I remember the day like it was yesterday.

I was a senior in high school, and I had waited months to hear back from my first-choice college. I grabbed the envelope from the mailbox, stared at it for a moment, took a deep breath, and opened it. All of my hopes and dreams were about to become a reality, or I would need to choose a different route.

“Dear Kaitlyn, although you are a strong applicant….” You get the idea. The words seeped into my heart, and my spirit fell in disappointment. I was wait-listed, an even longer period of waiting. I was disappointed and back to where I started: waiting on an answer. I ended up attending a different university and am so thankful that I did. My reality is different than 18-year-old me had expected but so incredibly beautiful and blessed. Have you been here? Waiting for an answer? Or maybe you have your answer, but it doesn’t look like you thought it would. Sometimes our answer is to wait, and when we wait, sometimes our answer ends up being different than we expected or wanted but that doesn’t subtract from God’s goodness or faithfulness. When I think about the desires of our hearts and waiting for answers, I can’t help but turn to 1 Samuel.

In 1 Samuel 1, we find Hannah in a desperate situation. Hannah’s husband, Elkanah, has two wives, Peninnah and Hannah. Peninnah had children, and Hannah did not. Each year, Elkanah would leave town with his two wives and make a sacrifice to the Lord. Every year Peninnah would mock Hannah because of her barren womb until Hannah wept and mourned (v. 7). One day, when they finished the sacrifice, Hannah left the table and prayed to the Lord about her hurts and deepest desires.

“In her deep anguish, Hannah prayed to the LORD, weeping bitterly. And she made a vow, saying, ‘LORD Almighty, if you will only look on your servant’s misery and remember me, and not forget your servant but give her a son, then I will give him to the LORD for all the days of his life, and no razor will ever be used on his head.” 1 Samuel 1:10-11

Hannah’s response is so beautiful to me. Hannah had a desire. She had a longing that ran deep within her soul, and she was hurting. She longed for a child and didn’t know if she would ever receive that blessing. Hannah was in a place of deep anguish. Hannah wept bitterly (v. 10). Notice her response was not to become angry or to seek answers but to cry out to the LORD. She was in a dark place of longing and hurt but chose to seek the LORD in her moment of pain. This was years of pain that Hannah experienced. Every year she was beaten down and stripped of her strength to the point of utter humiliation and desperation, but nevertheless, she turned to the LORD in prayer with the conviction that He would fulfill her deepest desire.

Notice Hannah vowed in her prayer that if the Lord gave her a son, she would dedicate his life to the LORD’s service. Hannah was so faithful. Even if God was to fulfill her desire for a child, she was going to give him up so he could serve the Lord. Hannah didn’t vow this so that God would give her what she wanted; she vowed this to Him because she lived under the conviction that only the LORD could satisfy the deep thirsts of her soul. God later blesses Hannah with a beautiful baby boy, and she is faithful to her promise to give her baby up so he can serve the LORD. Hannah teaches us that waiting for an answer hurts, but it is in the waiting that the presence of the Lord is felt the strongest. Hannah didn’t choose to retreat in her moment of hurt. She chose to run to God.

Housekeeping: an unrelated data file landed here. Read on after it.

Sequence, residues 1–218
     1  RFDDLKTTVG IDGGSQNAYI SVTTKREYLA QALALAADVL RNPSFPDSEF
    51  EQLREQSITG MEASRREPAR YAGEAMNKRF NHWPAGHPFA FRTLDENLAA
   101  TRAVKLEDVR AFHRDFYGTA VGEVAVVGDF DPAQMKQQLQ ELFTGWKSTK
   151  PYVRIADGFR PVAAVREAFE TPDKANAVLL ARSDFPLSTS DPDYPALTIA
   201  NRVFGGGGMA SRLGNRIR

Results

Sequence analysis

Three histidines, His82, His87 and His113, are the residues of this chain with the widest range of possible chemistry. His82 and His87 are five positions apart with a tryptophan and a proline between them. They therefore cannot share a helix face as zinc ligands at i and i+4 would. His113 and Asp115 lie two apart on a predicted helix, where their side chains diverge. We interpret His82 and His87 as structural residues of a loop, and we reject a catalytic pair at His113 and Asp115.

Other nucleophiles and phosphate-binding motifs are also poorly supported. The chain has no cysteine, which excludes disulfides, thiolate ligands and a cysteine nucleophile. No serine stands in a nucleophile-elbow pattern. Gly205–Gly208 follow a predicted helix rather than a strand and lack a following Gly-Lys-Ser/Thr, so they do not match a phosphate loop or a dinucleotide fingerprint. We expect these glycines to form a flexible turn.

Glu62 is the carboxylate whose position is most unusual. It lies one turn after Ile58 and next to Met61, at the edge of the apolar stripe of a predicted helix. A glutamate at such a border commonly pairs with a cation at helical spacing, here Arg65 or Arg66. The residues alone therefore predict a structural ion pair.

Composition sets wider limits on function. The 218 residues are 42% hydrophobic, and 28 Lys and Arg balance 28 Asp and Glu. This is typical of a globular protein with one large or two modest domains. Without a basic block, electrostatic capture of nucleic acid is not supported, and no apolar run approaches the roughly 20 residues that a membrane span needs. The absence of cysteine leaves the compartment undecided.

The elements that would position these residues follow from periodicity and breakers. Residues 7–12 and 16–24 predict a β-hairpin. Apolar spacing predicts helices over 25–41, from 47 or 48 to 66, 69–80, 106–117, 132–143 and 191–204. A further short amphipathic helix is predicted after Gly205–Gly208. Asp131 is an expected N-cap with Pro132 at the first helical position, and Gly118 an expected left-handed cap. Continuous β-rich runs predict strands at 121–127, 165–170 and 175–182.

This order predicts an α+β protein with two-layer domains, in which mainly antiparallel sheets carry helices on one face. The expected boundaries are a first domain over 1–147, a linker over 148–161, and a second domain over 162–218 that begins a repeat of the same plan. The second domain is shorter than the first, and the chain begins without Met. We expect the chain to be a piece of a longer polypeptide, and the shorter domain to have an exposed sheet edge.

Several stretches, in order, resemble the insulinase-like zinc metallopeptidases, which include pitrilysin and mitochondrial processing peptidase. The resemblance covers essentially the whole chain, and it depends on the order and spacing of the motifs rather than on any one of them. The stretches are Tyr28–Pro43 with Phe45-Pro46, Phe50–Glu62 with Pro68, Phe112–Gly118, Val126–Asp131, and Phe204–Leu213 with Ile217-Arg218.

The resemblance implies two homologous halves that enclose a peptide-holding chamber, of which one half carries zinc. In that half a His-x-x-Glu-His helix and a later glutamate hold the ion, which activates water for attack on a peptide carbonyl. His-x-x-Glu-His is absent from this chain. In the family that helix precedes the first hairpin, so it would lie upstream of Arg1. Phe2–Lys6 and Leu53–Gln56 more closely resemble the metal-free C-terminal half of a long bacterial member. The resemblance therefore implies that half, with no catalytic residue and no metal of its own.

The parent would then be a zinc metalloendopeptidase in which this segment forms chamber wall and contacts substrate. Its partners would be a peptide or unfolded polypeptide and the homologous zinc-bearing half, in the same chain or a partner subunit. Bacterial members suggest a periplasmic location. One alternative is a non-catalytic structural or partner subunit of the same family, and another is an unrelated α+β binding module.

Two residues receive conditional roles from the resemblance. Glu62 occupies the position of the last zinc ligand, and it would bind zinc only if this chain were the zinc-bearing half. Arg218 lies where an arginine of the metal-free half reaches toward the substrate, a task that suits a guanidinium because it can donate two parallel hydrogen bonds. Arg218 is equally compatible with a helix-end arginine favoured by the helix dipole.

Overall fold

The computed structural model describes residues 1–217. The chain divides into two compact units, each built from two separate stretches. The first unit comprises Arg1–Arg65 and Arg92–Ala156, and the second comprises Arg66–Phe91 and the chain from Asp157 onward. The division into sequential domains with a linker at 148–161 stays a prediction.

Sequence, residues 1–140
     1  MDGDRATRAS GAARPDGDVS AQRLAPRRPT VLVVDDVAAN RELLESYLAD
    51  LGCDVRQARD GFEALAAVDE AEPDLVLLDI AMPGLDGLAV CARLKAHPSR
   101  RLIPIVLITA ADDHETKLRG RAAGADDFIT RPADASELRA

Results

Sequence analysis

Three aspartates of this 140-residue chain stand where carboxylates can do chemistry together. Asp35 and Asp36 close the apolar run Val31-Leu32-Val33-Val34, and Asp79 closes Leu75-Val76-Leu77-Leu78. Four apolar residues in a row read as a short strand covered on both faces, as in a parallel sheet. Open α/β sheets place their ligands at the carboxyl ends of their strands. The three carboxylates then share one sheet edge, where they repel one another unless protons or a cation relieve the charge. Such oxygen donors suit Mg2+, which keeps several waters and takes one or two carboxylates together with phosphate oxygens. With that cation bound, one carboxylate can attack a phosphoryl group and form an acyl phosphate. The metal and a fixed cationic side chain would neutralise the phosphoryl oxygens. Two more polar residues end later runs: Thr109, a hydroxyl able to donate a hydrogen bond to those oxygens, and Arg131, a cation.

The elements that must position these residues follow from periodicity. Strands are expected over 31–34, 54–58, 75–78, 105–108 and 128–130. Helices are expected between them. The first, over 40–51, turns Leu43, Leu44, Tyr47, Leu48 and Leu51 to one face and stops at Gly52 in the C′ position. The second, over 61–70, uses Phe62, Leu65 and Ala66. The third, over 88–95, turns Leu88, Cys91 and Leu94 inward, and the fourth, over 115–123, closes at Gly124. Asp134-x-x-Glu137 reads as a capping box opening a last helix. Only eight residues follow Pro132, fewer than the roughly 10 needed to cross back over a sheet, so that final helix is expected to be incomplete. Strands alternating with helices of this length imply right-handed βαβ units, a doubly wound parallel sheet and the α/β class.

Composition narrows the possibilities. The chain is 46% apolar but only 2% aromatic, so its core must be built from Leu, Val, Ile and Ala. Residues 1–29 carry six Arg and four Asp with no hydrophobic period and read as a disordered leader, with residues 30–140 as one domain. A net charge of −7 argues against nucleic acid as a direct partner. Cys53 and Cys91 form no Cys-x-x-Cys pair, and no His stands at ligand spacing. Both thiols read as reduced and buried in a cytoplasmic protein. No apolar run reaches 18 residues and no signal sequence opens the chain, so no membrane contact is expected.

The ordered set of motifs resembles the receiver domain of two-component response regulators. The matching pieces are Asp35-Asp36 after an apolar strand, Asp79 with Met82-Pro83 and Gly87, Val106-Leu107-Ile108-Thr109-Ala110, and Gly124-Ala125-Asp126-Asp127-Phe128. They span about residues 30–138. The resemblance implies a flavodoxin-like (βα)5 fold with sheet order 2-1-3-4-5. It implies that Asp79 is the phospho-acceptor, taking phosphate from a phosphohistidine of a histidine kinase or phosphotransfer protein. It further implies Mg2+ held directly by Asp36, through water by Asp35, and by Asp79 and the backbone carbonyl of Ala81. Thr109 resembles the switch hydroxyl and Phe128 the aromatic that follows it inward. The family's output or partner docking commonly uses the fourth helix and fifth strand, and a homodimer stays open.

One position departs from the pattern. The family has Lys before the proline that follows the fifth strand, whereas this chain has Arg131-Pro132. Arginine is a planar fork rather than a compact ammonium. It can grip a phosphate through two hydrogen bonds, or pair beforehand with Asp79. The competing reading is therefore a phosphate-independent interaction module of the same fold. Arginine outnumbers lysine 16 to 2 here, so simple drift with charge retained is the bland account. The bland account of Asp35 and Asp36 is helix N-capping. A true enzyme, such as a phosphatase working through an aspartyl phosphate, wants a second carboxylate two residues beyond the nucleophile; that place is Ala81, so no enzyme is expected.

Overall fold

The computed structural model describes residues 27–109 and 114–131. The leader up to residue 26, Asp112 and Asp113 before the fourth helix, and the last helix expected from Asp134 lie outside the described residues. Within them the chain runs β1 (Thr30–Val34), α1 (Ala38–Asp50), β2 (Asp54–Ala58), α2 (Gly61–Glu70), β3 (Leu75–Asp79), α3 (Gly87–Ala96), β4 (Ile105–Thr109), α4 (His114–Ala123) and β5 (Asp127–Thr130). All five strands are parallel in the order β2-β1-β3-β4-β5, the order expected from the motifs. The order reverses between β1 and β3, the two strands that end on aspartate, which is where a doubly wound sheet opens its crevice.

When we are aching and longing, our response is often to retreat. The second we experience pain, we hide from the Lord. We become angry and doubtful, forgetting God’s goodness and all He’s done for us. We seek projection and suggestion from others, craving a glimpse of discernment, but their responses and attempts to help do not soothe our restless souls. We are in pain but refuse to seek the refuge that redeems all wounds and broken dreams. What if we used our hurts to run to the Lord instead of running from Him? I have a feeling that we would face trials with more confidence and trust in God’s promises.

When we go into seasons of trial, hurt, and uncertainty we can know that, no matter the outcome, the Lord works for our good (Romans 8:28). Even if He does not answer our prayers exactly the way we wanted or expected, He is still faithful to provide for us in ways that are so much sweeter than expected or desired.

When we are waiting, longing, and asking, it’s okay to be in pain. It’s okay to cry and to ask God. But do not let hurt stop you from running to Him. Don’t be afraid to ask God for your heart’s desires, but understand that even if your prayer isn’t answered in the way you expected, His presence is the only thing that can fill the void in your heart. God is in your midst, and His presence is the only thing that can satisfy your soul. Hannah cried out to the Lord from her hurt and He heard her. He heard her, and He answered her.

However, I have a feeling that even if Hannah did not receive a child, she would still seek Him. Because it wasn’t the birth of her son that satisfied her soul, it was God’s presence amid her waiting place. Where’s your waiting place today? How can you be faithful, even when it’s hard? Identify those areas and then run to God. Tell Him exactly what you’re feeling and ask. I promise you will see Him move. Rest in the truth that no matter the outcome, He is still faithful, He is still good, and is working all things together for you.